The Penguins split their two games since we last met, losing their last game before the All-Star break and winning their first game out of the break.
But Sidney Crosby added another championship to his trophy case.
That’s right — Crosby captained the Metropolitan Division to an All-Star Game title in the 3-on-3 tournament by defeating one of the other divisions in the final. I could look up which division but I don’t care. I want to say … Pacific? The point is, Crosby is the only player in NHL history with two Stanley Cups, two Olympic golds, a world junior gold and a 3-on-3 All-Star Game championship.
Getting that last notch on the belt could be what puts Crosby into the Hall of Fame. We’ll have to wait and see.
The bad part of All-Star weekend for Penguins fans was when Evgeni Malkin was left off the NHL’s list of the top 100 players of all-time. Malkin has a Hart Trophy, two Hart runner-up finishes, a Conn Smythe Trophy, two Stanley Cups and is 14th all-time in points per game. It’s incredible that a list of so-called experts left Malkin off and thought Mike Gartner was more deserving.
If you’d like to read a top 100 list that’s written by three hockey writers that understand Malkin’s greatness and are OK with a few typos, you can pick up an e-book that will satisfy that urge. It’s super cheap, the players are ranked (unlike the NHL’s list) and there are bonus lists in there. (Editor’s note: Dave, if it’s an e-book, and you know there are typos can’t you just go back and fix th—)
That’s the past — the future is Friday, when the Penguins and Columbus Blue Jackets meet in a battle for NHL supremacy. Or at least second place in the Metro.
The Blue Jackets have 70 points; the Penguins have 67 after 49 games, as both teams finished their last 10 at 5-5-0, while the Washington Capitals have 72 points in 50 games after a recent 7-2-1 run. The division is still super tight and now with less than 35 games remaining, a Blue Jackets regulation win would do wonders for their chances of hosting a potential first-round series against the Penguins.
There is no shortage of great images and videos featuring Penguins from All-Star weekend but this feels like the best of them.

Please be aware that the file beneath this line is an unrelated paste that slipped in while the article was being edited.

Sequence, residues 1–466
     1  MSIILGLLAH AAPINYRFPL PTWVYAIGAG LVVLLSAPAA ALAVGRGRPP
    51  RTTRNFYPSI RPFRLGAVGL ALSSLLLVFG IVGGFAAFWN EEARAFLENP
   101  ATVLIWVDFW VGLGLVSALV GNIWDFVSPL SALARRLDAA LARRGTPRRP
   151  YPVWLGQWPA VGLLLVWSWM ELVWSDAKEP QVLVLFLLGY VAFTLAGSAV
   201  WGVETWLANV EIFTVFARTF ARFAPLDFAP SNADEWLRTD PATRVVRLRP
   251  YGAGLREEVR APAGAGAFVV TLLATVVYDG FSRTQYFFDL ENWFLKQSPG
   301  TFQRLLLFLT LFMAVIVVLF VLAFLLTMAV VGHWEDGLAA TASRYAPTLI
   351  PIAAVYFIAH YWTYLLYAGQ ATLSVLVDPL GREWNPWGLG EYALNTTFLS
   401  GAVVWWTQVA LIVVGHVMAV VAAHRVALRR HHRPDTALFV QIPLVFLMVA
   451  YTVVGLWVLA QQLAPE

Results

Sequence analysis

Mario Lemieux. Ron Francis. Jaromir Jagr.
They are 2-5-8 on the NHL’s all-time scoring list. They were all named to the NHL’s Top 100 list, even if Francis doesn’t deserve it. Yeah, you heard me. He was never a first- or second-team NHL All-Star and never got higher than fifth in Hart voting. He was a product of playing with Mario and Jagr.
Fight me at your earliest possible convenience if you disagree.
One more tweet, if only to distract you from the fact that Francis isn’t a top 100 player and just compiled a lot of big numbers because his career was so long.
To me, the better caption is, “When you find out Jonathan Toews is a top 100 player but Evgeni Malkin is not.”
Player of the Week
It’s Patric Hornqvist, who had a goal in the Penguins’ 4-3 loss before the break and two goals in a 4-2 win against the Predators on Tuesday. Offense hasn’t been a problem for the Penguins this season, but it’s nice to see Hornqvist starting to put pucks in the net. He has four goals in his past four games and six points in his past six games.
Player of the Weak
Olli Maatta’s raw Corsi (even-strength shot attempt differential) the past two games — 37.7 percent. Coach Mike Sullivan dropped his ice time against the Predators to 14:59, the third-lowest mark of the season. Maatta will have highs and lows, partly because he’s dealt with injury and illness early in his career and partly because he’s a young defenseman.
He’s signed long term and healthy, so the Penguins will ride it out. But he needs to get better before the playoffs if the Penguins are to have a chance at a Stanley Cup. They’re a different team when Maatta is playing well and gets around 20 minutes a night.
You’re right to be terrified if everyone behind Kris Letang, Justin Schultz and Trevor Daley are bad. But they’re not. There are issues, though. To win a Stanley Cup, you need a high-end Maatta and Ian Cole to be steady. Ideally, you’d like to go:
But let’s say the trade deadline arrives and you’re still unsure about Maatta. He’s struggling, and you’re not certain if he’ll be peaking come playoff time. Do you bump everyone up on the left side and let Maatta play bottom-pairing minutes? Do you trust Schultz to be solid as a full-time top-four guy in the postseason? Because that’s not what he was last year.
You’d love to see the Penguins get a top-four, left-handed defenseman or even rent the right-handed Kevin Shattenkirk to solidify the right side of your defense if you can make the cap space work (which will be hard). But this group is fine with potential to get better. It needs to get better.
There’s no need to poop your pants about the Penguins defensemen until late-February, if at all.